The torch; be yours to hold it high,
If ye break faith with us who die
We shall not sleep, though poppies grow
In Flanders’ Fields.
…before then writing one of their own. Malachi and Luka will read theirs for the Remembrance Day Assembly (on zoom) on Wednesday.
In Humanities, the children rounded off their learning from last half term on the ancient Greeks before they start looking at the geography of the UK next week. In Art too, we completed work displaced by a short-notice Drama session, last half term as the children learned about the work of Toyin Odutola, creating some amazing silhouette self-portraits.
Thanks for your understanding with the Spellings now being on ‘Google Classroom’, which is aimed at ensuring that your children are familiar with logging on to access work, in case of any future need this academic year or next. We will continue to do this for the rest of the year.
It’s great to keep in touch albeit briefly when I’m on the gate mornings and evenings, but will be great to catch up with you all online for Parents’ Evening on Wednesday and Thursday next week. If you have not already done so, please do make a booking now using the link. Also note therefore, that there will be no Maths Booster Classes on Thursday 12th.
So, that’s it. Have a great weekend at home decorating or gardening and see you on Monday.
We’ve made it to Half Term, hurrah!
For our celebration of Black Voices Week, in English the children continued their work on Fairy Tales inspired by the work of Jamila Gavin, planning then writing and editing their own fantasy fairy stories. For their sins – and to enhance the quality of their writing – they were required to include at least one example of the Passive Voice in their work, which they had perfected in the Grammar lesson on Monday. Maths continued all week, with Miss Marchant’s group completing their work on the four operations with a couple of very short assessment tests, while my group practised their calculating skills through a number of competitive challenges and quizzes.
Honing their historical skills, in Humanities this week the children learned about Primary and Secondary sources of information, before using both to gain a better understanding about the daily lives of the ancient Greeks; from clothes and entertainment to food and drink. They completed our RE unit by watching the story of the now iconic Neasden Mandir (Hindu Temple) from its inception in the 1970s to the commencement of building works in 1990 and consecration just two years later.
Then, on a rainy Wednesday, Mr Schumm’s reappearance in the afternoon, with the next instalment of Private Peaceful brought a much needed ray of sunshine. His Assembly on Thursday morning focused on the black footballer and WWI army officer, Walter Tull, whose remarkable and inspiring story was left buried until 1993. The children learned how this orphan boy was the first footballer of colour to play for Tottenham Hotspur FC prior to the Great War and then became the first black officer to lead his white soldiers in to battle. How, Mr Schumm questioned, was this story hidden for 70 years, and why? Being aware of our history, he continued, was important to all of our futures.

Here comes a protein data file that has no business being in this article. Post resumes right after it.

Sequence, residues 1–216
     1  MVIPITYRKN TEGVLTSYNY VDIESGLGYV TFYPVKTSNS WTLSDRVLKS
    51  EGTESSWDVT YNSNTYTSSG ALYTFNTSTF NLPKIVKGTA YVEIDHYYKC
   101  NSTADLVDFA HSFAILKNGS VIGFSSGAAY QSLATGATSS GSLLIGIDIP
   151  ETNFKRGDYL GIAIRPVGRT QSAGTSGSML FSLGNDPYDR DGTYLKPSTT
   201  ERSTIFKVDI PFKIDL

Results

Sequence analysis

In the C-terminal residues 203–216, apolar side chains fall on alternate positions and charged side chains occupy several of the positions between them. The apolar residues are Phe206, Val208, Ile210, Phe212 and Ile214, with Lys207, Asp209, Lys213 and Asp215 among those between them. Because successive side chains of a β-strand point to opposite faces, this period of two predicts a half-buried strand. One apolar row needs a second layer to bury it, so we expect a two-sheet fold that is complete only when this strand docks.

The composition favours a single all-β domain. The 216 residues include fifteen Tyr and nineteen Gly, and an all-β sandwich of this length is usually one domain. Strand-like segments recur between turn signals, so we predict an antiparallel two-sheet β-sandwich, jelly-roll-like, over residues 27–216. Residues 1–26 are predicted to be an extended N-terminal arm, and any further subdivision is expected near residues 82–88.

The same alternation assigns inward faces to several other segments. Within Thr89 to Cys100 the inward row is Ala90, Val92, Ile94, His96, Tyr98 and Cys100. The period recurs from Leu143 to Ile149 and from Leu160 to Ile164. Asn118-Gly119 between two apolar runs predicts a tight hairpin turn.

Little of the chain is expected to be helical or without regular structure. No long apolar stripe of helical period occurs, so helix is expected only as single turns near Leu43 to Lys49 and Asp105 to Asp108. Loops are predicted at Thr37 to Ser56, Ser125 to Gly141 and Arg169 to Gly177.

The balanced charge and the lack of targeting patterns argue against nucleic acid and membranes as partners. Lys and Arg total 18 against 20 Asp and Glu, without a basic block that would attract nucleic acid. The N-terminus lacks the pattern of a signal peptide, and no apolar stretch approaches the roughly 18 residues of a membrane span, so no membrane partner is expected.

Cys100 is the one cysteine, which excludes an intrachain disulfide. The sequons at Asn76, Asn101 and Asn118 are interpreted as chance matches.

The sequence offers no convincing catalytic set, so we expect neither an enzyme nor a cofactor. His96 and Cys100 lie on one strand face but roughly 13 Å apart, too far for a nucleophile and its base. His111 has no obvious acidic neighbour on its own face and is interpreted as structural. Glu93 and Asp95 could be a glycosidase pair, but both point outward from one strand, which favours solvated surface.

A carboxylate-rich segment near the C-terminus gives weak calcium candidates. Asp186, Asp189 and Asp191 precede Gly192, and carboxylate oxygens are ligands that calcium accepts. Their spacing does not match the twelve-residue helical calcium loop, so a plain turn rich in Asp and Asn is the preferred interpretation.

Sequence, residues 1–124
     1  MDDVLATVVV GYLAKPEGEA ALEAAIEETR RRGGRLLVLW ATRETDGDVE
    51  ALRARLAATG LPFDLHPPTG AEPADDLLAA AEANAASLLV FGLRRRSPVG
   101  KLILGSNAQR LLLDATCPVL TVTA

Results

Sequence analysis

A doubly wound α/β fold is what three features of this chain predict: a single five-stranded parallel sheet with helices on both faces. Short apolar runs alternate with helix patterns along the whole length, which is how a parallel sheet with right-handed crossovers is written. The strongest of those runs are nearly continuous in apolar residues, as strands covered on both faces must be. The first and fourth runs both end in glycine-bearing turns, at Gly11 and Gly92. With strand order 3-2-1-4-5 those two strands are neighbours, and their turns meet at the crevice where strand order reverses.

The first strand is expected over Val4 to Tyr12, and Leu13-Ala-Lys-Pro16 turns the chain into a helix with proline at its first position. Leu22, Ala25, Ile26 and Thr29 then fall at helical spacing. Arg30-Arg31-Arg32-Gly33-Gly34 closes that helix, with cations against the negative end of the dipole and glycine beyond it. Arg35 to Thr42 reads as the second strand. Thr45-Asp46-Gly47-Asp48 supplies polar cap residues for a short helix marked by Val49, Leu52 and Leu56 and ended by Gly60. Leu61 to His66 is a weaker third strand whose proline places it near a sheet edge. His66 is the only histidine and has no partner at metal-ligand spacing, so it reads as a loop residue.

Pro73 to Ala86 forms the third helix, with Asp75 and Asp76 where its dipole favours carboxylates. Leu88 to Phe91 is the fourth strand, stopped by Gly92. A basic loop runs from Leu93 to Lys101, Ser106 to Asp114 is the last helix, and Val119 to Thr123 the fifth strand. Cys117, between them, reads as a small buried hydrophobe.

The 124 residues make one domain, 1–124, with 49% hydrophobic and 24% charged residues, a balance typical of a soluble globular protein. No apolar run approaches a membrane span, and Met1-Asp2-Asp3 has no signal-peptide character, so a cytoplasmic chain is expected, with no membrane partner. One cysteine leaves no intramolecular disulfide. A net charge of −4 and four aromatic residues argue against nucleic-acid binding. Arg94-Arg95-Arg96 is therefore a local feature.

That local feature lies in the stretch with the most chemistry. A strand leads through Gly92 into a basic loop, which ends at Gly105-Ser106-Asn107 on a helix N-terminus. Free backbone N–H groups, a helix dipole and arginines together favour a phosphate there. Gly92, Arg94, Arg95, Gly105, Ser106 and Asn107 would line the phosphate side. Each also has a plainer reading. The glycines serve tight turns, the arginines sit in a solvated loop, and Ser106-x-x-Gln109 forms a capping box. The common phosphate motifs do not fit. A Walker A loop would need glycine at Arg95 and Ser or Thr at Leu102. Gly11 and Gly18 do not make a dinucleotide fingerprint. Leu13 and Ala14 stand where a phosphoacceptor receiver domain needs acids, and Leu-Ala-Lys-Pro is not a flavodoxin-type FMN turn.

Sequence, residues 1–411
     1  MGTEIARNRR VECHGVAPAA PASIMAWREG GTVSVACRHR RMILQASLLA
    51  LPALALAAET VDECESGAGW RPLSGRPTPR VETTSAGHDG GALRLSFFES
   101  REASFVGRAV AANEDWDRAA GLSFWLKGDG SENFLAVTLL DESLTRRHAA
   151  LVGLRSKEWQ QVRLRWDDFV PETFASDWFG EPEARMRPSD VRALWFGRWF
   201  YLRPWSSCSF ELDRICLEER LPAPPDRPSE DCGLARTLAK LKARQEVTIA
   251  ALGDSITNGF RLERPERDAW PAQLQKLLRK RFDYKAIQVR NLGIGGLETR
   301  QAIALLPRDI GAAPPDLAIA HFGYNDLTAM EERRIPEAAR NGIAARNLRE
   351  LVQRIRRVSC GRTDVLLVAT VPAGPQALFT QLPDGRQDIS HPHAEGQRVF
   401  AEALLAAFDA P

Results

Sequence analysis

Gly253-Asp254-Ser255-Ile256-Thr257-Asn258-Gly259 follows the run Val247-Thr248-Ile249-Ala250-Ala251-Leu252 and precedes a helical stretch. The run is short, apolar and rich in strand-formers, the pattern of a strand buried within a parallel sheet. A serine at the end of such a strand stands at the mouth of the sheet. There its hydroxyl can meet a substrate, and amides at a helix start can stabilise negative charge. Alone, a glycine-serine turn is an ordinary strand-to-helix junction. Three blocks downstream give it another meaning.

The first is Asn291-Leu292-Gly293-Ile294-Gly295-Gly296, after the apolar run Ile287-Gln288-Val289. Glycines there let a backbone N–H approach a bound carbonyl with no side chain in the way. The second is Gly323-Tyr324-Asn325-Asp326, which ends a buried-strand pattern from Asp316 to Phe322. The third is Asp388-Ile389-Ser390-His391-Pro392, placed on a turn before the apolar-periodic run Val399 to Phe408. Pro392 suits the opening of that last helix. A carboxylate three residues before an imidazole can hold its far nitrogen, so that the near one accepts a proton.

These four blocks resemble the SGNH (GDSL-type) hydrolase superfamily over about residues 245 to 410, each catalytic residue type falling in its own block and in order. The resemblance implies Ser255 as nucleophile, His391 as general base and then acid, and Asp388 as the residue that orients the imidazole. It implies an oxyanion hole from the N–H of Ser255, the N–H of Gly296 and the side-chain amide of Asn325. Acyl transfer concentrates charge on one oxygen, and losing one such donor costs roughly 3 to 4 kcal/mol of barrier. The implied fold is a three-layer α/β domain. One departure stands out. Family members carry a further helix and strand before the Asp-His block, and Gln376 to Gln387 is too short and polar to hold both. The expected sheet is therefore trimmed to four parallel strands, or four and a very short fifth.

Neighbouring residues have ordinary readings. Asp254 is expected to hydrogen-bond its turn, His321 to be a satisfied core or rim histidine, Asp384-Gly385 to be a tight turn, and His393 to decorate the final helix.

Coordinating our whole school DT Days is a HUGE job, so hats off to Miss Hall whose ‘Bags’ concept was a big hit and also to Mrs Hall (no relation) who led our class sessions here on Thursday. Before picking up their needle and thread, the children planned what their drawstring bag would be used for and who might use it in a true ‘user-led design’ fashion. They then used a running to sew up the sides of their fabric, making sure to leave a gap through which to thread the drawstring. As they worked industriously away, they multitasked by listening to the amazing Floella Benjamin talking about her life on Desert Island Discs recently. Well worth a listen if you haven’t already. Finally, an optional decoration was added – or not – and the results were nothing short of spectacular. Do I feel any move towards a ‘St Stephen’s Sewing Bee’? After the Inter-House Netball Competition in the afternoon (Aylward won for the record), in Music, Miss Rachel’s lesson had a Bob Marley theme with a twist at the end as the prodigious Kanneh-Mason family demonstrated their versitility with a classic/reggae mix of the classic, ‘Redemption’. What a super way to round off the day.
There was extra Humanities on Friday as the children learned about Abolitionism, or the abolitionist movement, that was eventually to bring about the end of slavery. Their focus was not on William Wilberforce but on the ‘freed slave’ Olaudah Equiano, whose bestselling autobiography is a wonderful ‘primary source’ of information about this ignominious period in our history. Even though they had a good idea of the themes, the children found many of the stories and attitudes of the time, quite incomprehensible. Then finally, to top off the week the children had a surprise session of drama with Mark – what a very lucky bunch they are!
Natalie and Elijah took the ‘Stars of the Week’ mantle today for their outstanding work this week, although it was once again another very hard decision to make.
One downside to being in Y6 sadly means that there is homework over the holidays… The upside, and there really is one in the distance, is that after the SATs in May, all homework stops. So this holiday the children are being asked to complete the five practice papers for the SATs tests: Grammar, Punctuation & Spelling; Reading Comprehension; Arithmetic (Maths 1) and two Reasoning papers (Maths 2 & 3). In addition they have been asked to prepare an oral book review, which will be delivered to the class as per the schedule below.